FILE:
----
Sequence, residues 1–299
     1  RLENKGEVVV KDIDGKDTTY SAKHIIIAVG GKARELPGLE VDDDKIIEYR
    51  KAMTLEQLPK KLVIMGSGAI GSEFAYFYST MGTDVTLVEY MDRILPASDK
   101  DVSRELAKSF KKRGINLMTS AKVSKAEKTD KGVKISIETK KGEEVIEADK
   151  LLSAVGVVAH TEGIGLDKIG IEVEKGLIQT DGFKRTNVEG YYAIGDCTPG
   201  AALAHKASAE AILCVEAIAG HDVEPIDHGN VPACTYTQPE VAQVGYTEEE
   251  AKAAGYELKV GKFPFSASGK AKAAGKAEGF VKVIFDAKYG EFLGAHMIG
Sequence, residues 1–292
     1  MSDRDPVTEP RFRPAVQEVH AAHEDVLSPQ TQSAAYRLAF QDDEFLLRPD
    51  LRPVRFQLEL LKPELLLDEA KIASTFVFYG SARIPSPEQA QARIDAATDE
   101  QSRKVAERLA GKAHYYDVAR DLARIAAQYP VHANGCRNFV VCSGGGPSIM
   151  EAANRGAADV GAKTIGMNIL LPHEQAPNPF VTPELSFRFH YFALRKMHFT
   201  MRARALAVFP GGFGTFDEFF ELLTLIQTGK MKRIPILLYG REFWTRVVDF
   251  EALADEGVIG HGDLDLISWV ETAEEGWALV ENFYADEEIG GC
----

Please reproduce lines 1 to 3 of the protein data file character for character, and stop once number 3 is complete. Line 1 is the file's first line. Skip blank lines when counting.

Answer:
Sequence, residues 1–299
     1  RLENKGEVVV KDIDGKDTTY SAKHIIIAVG GKARELPGLE VDDDKIIEYR
    51  KAMTLEQLPK KLVIMGSGAI GSEFAYFYST MGTDVTLVEY MDRILPASDK